When I was writing my fiction manuscript, I would read a new chapter to the kids every morning at breakfast–and even though it was course and unrefined, they loved listening to the adventures of the main character. We were transported from those dark winter days, sitting by the sunshine-lamp at the breakfast table, to another world where animals could talk and girls could fly.

While I can (and do) write non-fiction, fiction is my passion, my true love, and hopefully the words I craft can help people along the way. I am a firm believer that even fiction can make lives better. I mean, why do we have such a love for Cinderella stories or happy endings?

It’s because fiction gives us a sense of the good things in life. That life CAN and SHOULD be lived to the fullest.

It’s hard work though. Cinderella did get stuck with all the dirty chores and emotional abuse before things turned around for her. And while we can’t always expect a Fairy Godmother, we can work hard towards our dreams.

Why go through life without dreams?

And so…with the words one-way ticket and Guatemala in my mind… I prayed that I would have the strength to let my son go.

It didn’t take long.

After two bars of chocolate and a little crying, I felt genuinely happy for him.

Because I know how it is to feel stuck. To feel like your real life hasn’t started. And our time on earth is very limited. It should never be wasted.

Marathon running, CrossFit, writing–these things are part of me. They shape who I am as a person. Parenting is also just one part of my life–not the whole of it. Because if my only job is to be a parent, then I lose myself. And it makes launching children into the world nearly impossible.

I want them to live their lives and strive for their dreams.

That’s my job.

I just have to let go.

Of the kids, as they become independent.

And of the chocolate.

Because it doesn’t really help after all. 

 

 

 

 

 

 


Generations

momandme

Imagine this: within the span of a few short years, you go from using a cane, to a walker to a wheelchair. Your tremors become so bad that you can’t write your name legibly or feed yourself with a fork.

The years go by, and eventually your husband can no longer lift you from the wheelchair to the bed, so (after attempting to hire help, which never worked well and was too expensive) you divorce, to save him from losing the business you had worked for YEARS to build; and you go to a nursing home.

You have half a room, one dresser, and a hospital bedstand on wheels. You wait until your roommate dies so you can have the bed by the window.

You are 49 years-old.

You live there for 23 years, and then someone else gets the bed by the window.

Now imagine being that woman’s daughter.

You are the one who handles her finances, or lack thereof. You take her to medical appointments. You take her out for shopping and fun every week, even though it’s exhausting for you.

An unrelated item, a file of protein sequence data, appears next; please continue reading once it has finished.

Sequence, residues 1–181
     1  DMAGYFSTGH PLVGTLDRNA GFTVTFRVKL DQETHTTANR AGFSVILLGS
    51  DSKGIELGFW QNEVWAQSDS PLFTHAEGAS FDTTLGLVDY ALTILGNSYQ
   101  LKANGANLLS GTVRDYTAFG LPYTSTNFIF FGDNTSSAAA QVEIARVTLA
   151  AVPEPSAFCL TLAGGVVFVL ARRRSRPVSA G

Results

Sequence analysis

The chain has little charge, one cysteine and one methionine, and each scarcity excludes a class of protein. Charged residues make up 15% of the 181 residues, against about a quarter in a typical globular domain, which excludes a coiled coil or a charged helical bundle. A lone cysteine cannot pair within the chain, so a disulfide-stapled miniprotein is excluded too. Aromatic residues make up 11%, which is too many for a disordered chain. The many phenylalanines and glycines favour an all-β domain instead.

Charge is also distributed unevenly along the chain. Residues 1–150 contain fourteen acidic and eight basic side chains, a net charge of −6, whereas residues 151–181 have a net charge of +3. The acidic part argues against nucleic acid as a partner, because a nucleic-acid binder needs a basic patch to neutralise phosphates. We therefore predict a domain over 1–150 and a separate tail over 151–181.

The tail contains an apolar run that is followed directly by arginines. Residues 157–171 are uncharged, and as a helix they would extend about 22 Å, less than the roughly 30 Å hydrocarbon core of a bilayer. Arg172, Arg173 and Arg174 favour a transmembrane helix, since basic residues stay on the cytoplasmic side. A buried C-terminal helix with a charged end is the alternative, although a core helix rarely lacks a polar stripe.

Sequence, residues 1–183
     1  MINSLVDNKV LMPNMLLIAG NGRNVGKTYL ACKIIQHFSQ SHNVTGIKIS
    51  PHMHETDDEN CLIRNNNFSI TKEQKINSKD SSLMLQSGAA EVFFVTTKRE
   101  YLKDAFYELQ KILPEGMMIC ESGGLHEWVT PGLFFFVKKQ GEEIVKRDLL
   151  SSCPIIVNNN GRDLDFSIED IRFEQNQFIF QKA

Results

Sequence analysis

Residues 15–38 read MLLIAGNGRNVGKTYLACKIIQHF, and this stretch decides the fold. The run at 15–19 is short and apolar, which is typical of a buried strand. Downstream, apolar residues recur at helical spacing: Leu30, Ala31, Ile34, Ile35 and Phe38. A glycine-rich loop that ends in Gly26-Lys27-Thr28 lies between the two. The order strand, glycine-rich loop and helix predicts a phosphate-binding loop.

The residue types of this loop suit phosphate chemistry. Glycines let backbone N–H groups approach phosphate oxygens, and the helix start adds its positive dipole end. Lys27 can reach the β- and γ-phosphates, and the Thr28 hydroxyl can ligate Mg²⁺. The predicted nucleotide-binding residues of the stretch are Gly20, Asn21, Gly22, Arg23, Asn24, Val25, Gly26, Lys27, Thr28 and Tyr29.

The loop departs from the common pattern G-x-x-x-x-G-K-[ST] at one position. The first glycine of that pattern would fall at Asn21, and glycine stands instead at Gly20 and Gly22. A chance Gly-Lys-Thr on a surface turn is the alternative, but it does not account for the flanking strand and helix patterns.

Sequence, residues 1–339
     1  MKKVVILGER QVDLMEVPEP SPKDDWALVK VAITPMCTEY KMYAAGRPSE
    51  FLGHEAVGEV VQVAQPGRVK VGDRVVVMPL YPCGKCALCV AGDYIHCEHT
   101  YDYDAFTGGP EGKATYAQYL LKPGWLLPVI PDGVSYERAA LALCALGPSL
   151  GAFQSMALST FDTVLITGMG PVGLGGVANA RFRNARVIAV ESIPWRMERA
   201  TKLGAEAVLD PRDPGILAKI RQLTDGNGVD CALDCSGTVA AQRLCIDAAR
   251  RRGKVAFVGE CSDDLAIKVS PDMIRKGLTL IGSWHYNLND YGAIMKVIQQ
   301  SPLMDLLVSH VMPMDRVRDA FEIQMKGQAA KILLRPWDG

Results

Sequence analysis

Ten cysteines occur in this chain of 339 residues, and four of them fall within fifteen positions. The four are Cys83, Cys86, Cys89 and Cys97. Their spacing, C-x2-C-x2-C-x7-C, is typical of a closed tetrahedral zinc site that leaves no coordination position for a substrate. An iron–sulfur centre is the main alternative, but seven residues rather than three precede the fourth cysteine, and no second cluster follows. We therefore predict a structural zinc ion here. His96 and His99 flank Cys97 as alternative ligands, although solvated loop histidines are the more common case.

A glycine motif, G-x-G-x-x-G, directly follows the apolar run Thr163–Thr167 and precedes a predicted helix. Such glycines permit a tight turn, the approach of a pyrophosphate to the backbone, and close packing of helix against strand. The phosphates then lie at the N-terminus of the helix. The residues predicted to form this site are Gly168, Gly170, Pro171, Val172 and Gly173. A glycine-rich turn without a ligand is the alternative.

You have her come stay with you during the holidays, and though you wish she could live with you full time, you know that you can’t take care of her, because you’ve started ‘walking into doors’ and ‘tripping over rugs.’

You tell people you have bad knees, but some of them suspect the truth: you have MS like your mother. You manage to hide it until your mother passes away.

Then you start using a cane.

Then a walker.

Then a wheelchair.

You are in your fifties.

By the time you are sixty, you feel blessed that you can still stand up, walk on a limited basis and use a fork without stabbing yourself in the eye. Your handwriting is atrocious, but it always was anyway.

You are determined to not be like your mother, so you work with hand weights and you make yourself keep moving, even when you feel like you’ve had the 24 hour flu for ten years.

You try every drug, legal and experimental, and travel the world to pursue cures. But the disease is chronic. It is progressive. And eventually, it may take your life.

Now imagine being that woman’s daughter.

You hold your breath during your twenties, waiting for your legs to suddenly stop moving, or for your eyesight to randomly fail. But it doesn’t happen.

You get married and have your babies and wait for your thirties to be over, so you can breathe again. You have an MRI, and there’s no sign of the disease.

No cane.

No walker.

No wheelchair.

You turn forty.

If you wonder why I run marathons, why I Crossfit, or why I make the food choices I do, the answer lies very close to me. When you feel with your heart what MS does to a person, you don’t take anything for granted.

I have a choice about my health.

My mother and grandmother didn’t.

I thank God every day that I can go to Crossfit. I make the time for it, because I have that privilege.

If my mom needs to lean on my shoulders, they are strong enough.

If she falls, I can lift her up.

No worries.

Because on this day, at this very moment, “It’s all good.” 

*quote from Coach Rob

Stop Feeding Your Baby Crack

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I’m about to offend many of you and possibly hurt your feelings. But if you were giving your kid sleeping pills before the WOD, I might take you aside and say, “Dude, don’t you think that could hurt her?”

I am not a doctor, so this rant is completely unscientific. But I am a mom of four kids, so I feel like I can tell you this with all love:

STOP FEEDING YOUR BABY CRACK!!!

It is ironic that people will spend months or years training to lift their own body weights, but they won’t take the time train their kids to sit still for more than 60 seconds. Apparently, a “good” kid is one who sits zombified in the corner with his own little flatscreen.

No, that’s not a well-behaved kid. That’s a kid on heroin. A well-behaved kid can sit in a corner for an hour and entertain himself with his own imagination AND stay out of the way of people lifting heavy weights.